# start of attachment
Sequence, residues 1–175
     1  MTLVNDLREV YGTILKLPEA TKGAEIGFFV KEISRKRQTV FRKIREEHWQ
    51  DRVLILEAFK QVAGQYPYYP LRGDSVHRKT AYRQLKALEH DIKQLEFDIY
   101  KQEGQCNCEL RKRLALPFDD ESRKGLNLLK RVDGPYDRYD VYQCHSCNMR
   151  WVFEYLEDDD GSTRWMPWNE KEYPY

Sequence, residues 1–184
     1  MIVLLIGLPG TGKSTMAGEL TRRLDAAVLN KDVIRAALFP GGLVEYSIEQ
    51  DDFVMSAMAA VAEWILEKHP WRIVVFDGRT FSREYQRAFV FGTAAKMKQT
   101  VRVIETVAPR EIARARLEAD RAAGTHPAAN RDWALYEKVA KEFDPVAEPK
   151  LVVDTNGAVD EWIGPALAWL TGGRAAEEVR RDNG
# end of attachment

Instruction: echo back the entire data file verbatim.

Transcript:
Sequence, residues 1–175
     1  MTLVNDLREV YGTILKLPEA TKGAEIGFFV KEISRKRQTV FRKIREEHWQ
    51  DRVLILEAFK QVAGQYPYYP LRGDSVHRKT AYRQLKALEH DIKQLEFDIY
   101  KQEGQCNCEL RKRLALPFDD ESRKGLNLLK RVDGPYDRYD VYQCHSCNMR
   151  WVFEYLEDDD GSTRWMPWNE KEYPY

Sequence, residues 1–184
     1  MIVLLIGLPG TGKSTMAGEL TRRLDAAVLN KDVIRAALFP GGLVEYSIEQ
    51  DDFVMSAMAA VAEWILEKHP WRIVVFDGRT FSREYQRAFV FGTAAKMKQT
   101  VRVIETVAPR EIARARLEAD RAAGTHPAAN RDWALYEKVA KEFDPVAEPK
   151  LVVDTNGAVD EWIGPALAWL TGGRAAEEVR RDNG